Texas Speed Limits, Laws, and Fines

Texas Speed Limits, Laws, and Fines

Following is an overview of the laws, limits, and fines as they relate to speeding traffic violations in the state of Texas.

Speed limits in Texas

Texas is the only state without prescribed speed limits for each type of road, whether state or federal. The state also has the highest allowable posted speed limit anywhere in the nation, at 85 mph.

75-85 mph: rural interstates

75 mph: urban interstates and other limited access roads

70 mph: statutory speed limit for numbered rural roads

60 mph: non-state and non-federal roads outside urban districts

35 mph: maximum speed limit in school zones

30 mph: urban districts

30 mph: residential districts

15 mph: alleys

15 mph: on beaches

Texas code on reasonable and prudent speed

Maximum speed law:

According to section 545.351(1) of TX vehicle code, “No person shall drive a vehicle at a speed greater than is reasonable and prudent under the circumstances then existing or under the conditions and having regard to actual and potential hazards.”

Minimum speed law:

Sections 545.363(a) and 545.051(b)] (http://www.statutes.legis.state.tx.us/Docs/TN/htm/TN.545.htm) states:

“No person shall drive so slowly as to impede the normal and reasonable movement of traffic.”

“A person driving at less than the normal speed of traffic shall drive in the right-hand lane then available for traffic or as close as practicable to the right-hand curb or edge of the roadway.”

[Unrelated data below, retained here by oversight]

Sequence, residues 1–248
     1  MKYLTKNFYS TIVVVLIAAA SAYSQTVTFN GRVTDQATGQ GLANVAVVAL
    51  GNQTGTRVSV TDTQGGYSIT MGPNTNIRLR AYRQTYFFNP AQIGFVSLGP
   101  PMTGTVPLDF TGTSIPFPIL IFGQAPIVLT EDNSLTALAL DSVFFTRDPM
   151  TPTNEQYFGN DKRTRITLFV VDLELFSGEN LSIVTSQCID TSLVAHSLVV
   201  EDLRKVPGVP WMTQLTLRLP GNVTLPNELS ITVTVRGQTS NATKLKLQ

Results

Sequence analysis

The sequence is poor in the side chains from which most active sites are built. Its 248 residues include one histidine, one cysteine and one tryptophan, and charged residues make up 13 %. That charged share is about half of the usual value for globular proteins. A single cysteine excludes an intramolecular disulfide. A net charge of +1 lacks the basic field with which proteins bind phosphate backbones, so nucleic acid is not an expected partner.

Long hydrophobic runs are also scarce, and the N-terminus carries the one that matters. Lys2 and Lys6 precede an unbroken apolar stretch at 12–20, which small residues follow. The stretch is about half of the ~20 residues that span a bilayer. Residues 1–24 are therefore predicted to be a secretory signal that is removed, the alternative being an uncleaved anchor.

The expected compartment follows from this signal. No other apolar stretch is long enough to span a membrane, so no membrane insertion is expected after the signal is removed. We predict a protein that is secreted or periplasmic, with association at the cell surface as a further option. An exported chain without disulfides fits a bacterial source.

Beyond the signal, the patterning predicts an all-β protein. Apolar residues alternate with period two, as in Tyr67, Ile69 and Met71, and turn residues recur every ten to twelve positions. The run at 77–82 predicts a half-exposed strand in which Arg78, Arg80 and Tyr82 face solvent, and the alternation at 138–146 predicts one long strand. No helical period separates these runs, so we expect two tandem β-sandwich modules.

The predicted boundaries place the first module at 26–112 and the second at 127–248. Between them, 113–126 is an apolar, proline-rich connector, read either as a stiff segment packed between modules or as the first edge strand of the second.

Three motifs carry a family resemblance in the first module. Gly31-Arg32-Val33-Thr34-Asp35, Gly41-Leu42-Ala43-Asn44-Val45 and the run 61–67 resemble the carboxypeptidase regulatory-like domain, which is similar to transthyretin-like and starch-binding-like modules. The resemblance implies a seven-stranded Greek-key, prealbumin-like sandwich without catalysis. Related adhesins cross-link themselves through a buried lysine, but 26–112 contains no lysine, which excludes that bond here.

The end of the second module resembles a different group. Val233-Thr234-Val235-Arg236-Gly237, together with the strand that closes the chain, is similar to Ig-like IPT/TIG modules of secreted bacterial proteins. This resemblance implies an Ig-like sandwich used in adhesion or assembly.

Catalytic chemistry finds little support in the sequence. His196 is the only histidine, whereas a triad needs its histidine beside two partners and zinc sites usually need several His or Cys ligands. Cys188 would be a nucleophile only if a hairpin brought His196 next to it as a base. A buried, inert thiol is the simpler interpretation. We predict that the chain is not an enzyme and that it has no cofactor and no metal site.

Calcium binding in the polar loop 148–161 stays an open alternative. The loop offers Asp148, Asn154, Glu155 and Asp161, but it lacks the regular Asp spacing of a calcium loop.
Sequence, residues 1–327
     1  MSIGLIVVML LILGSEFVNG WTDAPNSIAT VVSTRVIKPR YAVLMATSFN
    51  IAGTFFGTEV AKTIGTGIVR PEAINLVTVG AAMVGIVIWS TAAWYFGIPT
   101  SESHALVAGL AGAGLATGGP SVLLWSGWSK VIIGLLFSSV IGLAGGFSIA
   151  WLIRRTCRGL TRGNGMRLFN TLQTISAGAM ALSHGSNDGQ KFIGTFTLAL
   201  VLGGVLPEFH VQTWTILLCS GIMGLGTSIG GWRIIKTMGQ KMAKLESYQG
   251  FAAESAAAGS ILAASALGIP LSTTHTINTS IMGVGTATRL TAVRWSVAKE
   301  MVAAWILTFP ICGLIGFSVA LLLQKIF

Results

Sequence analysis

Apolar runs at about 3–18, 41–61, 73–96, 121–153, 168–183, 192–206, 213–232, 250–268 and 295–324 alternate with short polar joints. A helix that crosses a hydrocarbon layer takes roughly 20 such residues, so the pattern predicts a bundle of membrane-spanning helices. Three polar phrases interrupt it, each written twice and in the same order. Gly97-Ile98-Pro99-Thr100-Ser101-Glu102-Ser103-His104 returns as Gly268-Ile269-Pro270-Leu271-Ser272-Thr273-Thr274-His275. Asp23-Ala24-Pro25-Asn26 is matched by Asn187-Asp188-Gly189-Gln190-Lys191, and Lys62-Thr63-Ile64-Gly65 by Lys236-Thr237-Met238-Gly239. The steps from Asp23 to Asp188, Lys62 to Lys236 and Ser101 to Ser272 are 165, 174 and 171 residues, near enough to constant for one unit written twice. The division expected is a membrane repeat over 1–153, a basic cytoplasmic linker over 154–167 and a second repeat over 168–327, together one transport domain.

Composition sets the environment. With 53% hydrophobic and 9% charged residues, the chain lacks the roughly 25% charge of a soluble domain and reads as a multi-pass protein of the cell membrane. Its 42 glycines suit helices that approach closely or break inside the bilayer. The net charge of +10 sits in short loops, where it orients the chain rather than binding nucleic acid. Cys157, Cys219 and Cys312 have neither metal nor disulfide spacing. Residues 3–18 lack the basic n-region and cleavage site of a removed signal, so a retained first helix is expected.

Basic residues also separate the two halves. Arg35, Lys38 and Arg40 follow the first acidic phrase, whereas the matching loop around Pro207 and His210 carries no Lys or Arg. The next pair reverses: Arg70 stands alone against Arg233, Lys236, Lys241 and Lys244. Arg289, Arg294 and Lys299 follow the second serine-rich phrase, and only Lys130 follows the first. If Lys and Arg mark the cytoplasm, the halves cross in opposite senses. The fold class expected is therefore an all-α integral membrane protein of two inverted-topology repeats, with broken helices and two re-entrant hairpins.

Due to variations in speedometer calibration, tire size, and margins of error in speed-detecting technology, it’s uncommon for an officer to pull a driver over for going less than five miles above the speed limit. However, technically any amount over can be considered a speed violation so best practices are to stay within the limit.

Texas have prima facie speed laws. This means that a driver is presumed to be breaking the speed law, however the driver may argue that they were driving safely despite exceeding the limit. Alternatively, a driver may choose to go to court and claim their innocence based upon one of the following:

  • The driver may oppose the determination of speed. In order to claim this defense a driver must know how his or her speed was determined and then learn how to disprove its accuracy.

  • A driver may claim that an emergency situation caused the driver to break the speed limit in order to prevent injury or damage to themselves or others.

  • The driver may claim a case of mistaken identity. If a police officer clocks a driver speeding and subsequently has to find them again in traffic, it’s possible that they could have made a mistake and pulled the wrong car over.

Penalty for exceeding the speed limit in Texas

First-time violators may:

  • Be fined up to $500

  • Have their license suspended for up to one year

Penalty for reckless driving in Texas

There is no set speed in Texas at which violating the speed limit is considered reckless driving. That determination depends upon the circumstances surrounding the violation.

First-time violators may:

  • Be fined up to $500 (plus incarceration costs if applicable)

  • Be sentenced to up to 30 days of jail time

  • Have their license suspended for up to one year

Violators may be able to reduce fines or points by taking a defensive driving course.

The statements expressed above are only for informational purposes and should be independently verified. Please see our terms of service for more details

Car trouble?

Our mechanics make house calls.

  • Get a quote & book a service online
  • Save up to 30% compared to shops
  • Repairs, maintenance & diagnostics
  • 12-month, 12,000-mile warranty
GET A QUOTE

Excellent rating

Rating@3x

Need a mechanic?

Our certified mobile mechanics make house calls in over 700 U.S. cities. Fast, free online quotes for your car repair.

Get a quote

Post a question and get free advice from our certified mechanics.


Ask a question